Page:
Nike’s choice of controversial former NFL quarterback Colin Kaepernick to be the face of its 30th anniversary #JustDoIt campaign has sparked plenty of poker player reaction from both conservatives and social justice warriors.
The marketing ploy was heavily criticized by conservatives, but other poker players came to the multibillion-dollar corporation’s defense.
The footwear and apparel company has plastered Kaepernick’s face on a “Just Do It” ad, undoubtedly aware that the move will garner Nike millions in free publicity by stirring up dust. Kaepernick become a focal point — and something of a thorn in team owners’ and advertisers’ sides — for his decision to kneel when the national anthem played at the start of NFL games, a move that many other mostly African-American players soon followed.
In response to the new campaign, many conservatives on social media have announced plans to boycott Nike, a company they now see as “anti-American” for hiring a quarterback who “hates America and its flag,” according to some of their posts.
Poker Twitter Always Divided
Most on Poker Twitter stayed away from this hot button topic, but a few chimed in. CardsChat member Jacki Burkhart was among those who mocked the alleged boycott.
It’s hilarious how many people are tweeting “Nike will never get a dollar from me” “boycottNike”. I’m thinking….I doubt older white angry people are Nike’s target demographic. ? 100% they’ve done a lot of market research on this. The future of america isn’t white and angry https://t.co/EuyNdwEZbB
— Jacqueline Burkhart (@jackiburkhart81) September 4, 2018
Tournament grinder David Baker also found humor in this hotly debated political topic.
— David Baker (@audavidb) September 4, 2018
Poker pro Dan O’Brien agreed with others on Poker Twitter.
All of the world’s ills aren’t going to be cured in one swoop. I’m glad Nike is promoting his cause and paying him while he’s being denied work. https://t.co/3aakCghfWU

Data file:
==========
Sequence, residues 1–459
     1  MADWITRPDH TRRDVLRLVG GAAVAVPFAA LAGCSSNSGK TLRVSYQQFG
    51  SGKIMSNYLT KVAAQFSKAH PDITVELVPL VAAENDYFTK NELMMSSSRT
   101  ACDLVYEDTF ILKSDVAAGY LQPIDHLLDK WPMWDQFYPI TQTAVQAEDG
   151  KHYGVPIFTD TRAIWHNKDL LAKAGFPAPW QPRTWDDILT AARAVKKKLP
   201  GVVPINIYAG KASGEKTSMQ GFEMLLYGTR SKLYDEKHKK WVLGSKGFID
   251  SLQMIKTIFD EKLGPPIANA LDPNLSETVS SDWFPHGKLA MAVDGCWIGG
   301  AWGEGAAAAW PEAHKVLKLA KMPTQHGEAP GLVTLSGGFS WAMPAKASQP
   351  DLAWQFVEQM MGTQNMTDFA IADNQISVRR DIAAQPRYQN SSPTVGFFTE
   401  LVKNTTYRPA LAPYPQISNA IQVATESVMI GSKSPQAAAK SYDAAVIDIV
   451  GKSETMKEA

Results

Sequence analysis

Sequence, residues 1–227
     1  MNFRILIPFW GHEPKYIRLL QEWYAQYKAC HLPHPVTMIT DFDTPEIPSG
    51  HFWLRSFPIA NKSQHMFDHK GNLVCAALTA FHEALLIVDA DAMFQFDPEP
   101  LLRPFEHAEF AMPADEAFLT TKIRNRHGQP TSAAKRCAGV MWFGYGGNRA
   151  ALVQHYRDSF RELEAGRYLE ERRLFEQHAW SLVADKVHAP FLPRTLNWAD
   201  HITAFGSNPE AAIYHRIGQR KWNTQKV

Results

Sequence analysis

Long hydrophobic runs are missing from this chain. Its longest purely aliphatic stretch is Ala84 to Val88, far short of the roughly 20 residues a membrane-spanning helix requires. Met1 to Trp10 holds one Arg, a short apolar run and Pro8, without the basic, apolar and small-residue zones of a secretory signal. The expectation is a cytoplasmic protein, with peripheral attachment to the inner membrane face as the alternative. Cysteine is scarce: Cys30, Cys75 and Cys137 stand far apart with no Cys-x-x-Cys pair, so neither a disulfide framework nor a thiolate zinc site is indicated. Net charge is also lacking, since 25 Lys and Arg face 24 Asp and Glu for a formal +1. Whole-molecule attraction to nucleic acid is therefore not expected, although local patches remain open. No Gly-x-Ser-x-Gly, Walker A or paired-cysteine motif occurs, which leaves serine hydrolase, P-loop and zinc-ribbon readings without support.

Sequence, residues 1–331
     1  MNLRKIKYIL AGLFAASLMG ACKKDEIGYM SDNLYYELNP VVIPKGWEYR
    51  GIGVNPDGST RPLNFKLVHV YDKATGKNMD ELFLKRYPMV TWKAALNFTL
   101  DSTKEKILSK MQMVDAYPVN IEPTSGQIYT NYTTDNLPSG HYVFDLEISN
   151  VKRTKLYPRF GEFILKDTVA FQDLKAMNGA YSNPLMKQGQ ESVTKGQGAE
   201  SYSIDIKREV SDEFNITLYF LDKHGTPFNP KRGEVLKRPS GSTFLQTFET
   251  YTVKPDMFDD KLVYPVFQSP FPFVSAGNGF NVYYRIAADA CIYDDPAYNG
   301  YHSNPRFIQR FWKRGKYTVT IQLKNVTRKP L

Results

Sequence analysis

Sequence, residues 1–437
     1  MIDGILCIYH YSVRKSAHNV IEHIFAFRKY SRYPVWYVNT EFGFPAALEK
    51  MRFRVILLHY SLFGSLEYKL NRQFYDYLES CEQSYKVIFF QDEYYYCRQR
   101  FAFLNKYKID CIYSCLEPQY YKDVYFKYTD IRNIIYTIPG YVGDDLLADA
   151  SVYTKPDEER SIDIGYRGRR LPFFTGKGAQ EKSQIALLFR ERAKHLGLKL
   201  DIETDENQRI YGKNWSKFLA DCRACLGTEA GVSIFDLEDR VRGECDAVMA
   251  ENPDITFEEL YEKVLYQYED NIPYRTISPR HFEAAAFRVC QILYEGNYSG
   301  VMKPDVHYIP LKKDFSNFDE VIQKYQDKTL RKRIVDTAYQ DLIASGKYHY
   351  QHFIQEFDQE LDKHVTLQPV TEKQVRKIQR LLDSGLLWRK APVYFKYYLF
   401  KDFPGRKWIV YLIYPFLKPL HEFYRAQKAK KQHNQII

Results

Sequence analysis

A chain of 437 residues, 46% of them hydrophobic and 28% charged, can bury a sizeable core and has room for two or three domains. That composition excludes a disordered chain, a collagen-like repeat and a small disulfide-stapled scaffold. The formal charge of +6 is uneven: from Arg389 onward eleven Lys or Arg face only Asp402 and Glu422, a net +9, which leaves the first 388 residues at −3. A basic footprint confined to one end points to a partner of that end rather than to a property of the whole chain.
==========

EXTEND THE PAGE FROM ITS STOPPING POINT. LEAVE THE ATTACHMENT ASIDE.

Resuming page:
— Dan O'Brien (@DanOBrienPoker) September 4, 2018
Conservative poker player and former actor James Woods is joining in on the boycott, consistent with his political views. He is encouraging his 1.7 million followers to dump Nike stocks and to quit purchasing their products.
To be truly effective, make sure you not only #DumpNikeStock, but dump any investment fund or mutual fund that holds @Nike stock. Further send an email stating the reason you are dumping that mutual fund. #DumpNike #ScrewNike
— James Woods (@RealJamesWoods) September 4, 2018
Representing for Social Justice
Colin Kaepernick has become the most controversial NFL athlete, even though he hasn’t been on a roster since 2016. The former San Francisco 49ers quarterback took a stand — or a kneel, more accurately speaking — against what he perceives to be racial injustice against African-Americans by police, during what may have been his final NFL season.
The former University of Nevada star chose to protest by kneeling during the national anthem prior to games. That angered many conservatives, who believe taking a knee during The Star-Spangled Banner is disrespectful to the flag and the US military. Liberals and the anti-Trump crowd, on the other hand, disagree. They argue Kaepernick is drawing attention to a serious problem in America.
Kaepernick has become, for some, the face of the racial injustice movement and now the face of Nike. The Oregon-based company’s stock saw a slight 2.2 percent drop Tuesday morning, but nothing significant.
Regardless of any boycott, Nike is an international corporation that doesn’t solely rely on US sales. Global sales represent over 55 percent of its business.
But Can He Still Play?
When the San Francisco 49ers told Colin Kaepernick he would no longer be the starter in 2017, he unsuccessfully attempted to find another team. Over a year later, he’s still searching.
The 2018 NFL season is just days away and, for the second straight year, the 30-year-old didn’t make a roster. Some believe he’s being shut out by NFL owners who don’t want his controversial stand affecting their own viewership and advertising revenues. But others say he just doesn’t have what it takes anymore to play in the NFL.
He was most definitely good enough in 2012, when he led the Niners to the Super Bowl and then a 12-4 record the following season. His game has, however, declined since 2013, and in football, you’re only as good as your last season’s record.